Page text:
the sins of others ; as thou wilt mong the people. Were not certainly do, if thou art the many, who bear the name of
means of bringing those into the gospel ministers, plotting against ministry, whom thou mightest gospel ministers, plotting against have discovered to be unworthy the ancient faith, and using all their infuence to introduce a
men." The apostle here caunew form of Christianity, it
tions ministers not only against would not be so necessary as it introducing into the sacred office now is to contend for a practice,
men who are not qualified, but which is sanctioned by scripture against introducing even those and reason. The examination of
who are qualified, without suitcandidates previously to ordinas able inquiry respecting their tion, has, of late, been not only qualifications. What the requineglected, but violently oppos- from the same apostle. A bishop
site qualifications are we learn ed ; not only treated as a matter of indifference, but decried, as a
must be blameless, vigilant, sober, destructive evil. It is, there of good behaviour, apt to teach, fore, thought conducive to the holding fast the faithful word. interest of Zion, to give a brief This description of a bishop is statement of the principal rea- designed not only as a standard, sons which occur in favour of to which every minister ought examinations.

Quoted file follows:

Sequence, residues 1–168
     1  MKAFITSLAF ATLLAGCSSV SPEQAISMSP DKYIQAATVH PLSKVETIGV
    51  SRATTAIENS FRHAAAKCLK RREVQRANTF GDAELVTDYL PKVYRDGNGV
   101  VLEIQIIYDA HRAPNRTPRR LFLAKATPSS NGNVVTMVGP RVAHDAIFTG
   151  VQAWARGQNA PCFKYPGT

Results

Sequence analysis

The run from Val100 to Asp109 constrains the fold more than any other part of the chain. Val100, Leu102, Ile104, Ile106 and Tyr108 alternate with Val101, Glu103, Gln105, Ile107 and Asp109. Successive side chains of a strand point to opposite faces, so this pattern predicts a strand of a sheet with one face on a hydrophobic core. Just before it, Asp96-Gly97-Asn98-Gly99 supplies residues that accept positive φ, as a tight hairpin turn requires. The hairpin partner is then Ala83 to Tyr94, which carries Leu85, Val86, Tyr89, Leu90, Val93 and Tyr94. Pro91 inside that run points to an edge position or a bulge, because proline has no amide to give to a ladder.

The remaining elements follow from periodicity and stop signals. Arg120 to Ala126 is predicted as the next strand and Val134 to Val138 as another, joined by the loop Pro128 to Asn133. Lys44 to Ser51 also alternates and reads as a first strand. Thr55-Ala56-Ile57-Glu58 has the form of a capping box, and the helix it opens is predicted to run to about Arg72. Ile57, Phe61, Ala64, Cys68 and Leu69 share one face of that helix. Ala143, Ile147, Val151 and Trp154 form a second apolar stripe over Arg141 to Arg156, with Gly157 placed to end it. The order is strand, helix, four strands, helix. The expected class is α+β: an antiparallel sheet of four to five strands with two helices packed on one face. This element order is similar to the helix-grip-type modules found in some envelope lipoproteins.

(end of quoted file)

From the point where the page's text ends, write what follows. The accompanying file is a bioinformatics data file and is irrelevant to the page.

to be conformed, but as a direcIn the first place, it is evident tory for those who are concerned that examinations are supported
in ordaining others. That this by scripture. Paul says to Tim
was the special design of the deothy, Lay hands suddenly on no scription appears beyond all man, neither be partaker of other
doubt from the connexion. For men's sins. The true meaning
this cause, says Paul to Titus, of this caution is undoubtedly shouldst set in order the things
I left thee in Crete, that thou contained in the following para- which are wanting, and ordain phrase of Doddridge. “ As it is a matter of so great importance
elders in every city, as I appointin the Christian Church, what ed thee. Immediately upon this persons are admitted to minister he gives Titus the description of in it ; I charge thee, that thou a bishop; which is nothing less lay hands suddenly and rashly
than giving him instruction what characters to ordain. And this is
virtually directing him not to or. This essay has been inserted in another religious publication. It is
dain any man, without satis. now, though with many alterations, factory evidence, that he posoffered to the Panoplist.
sesses the character described.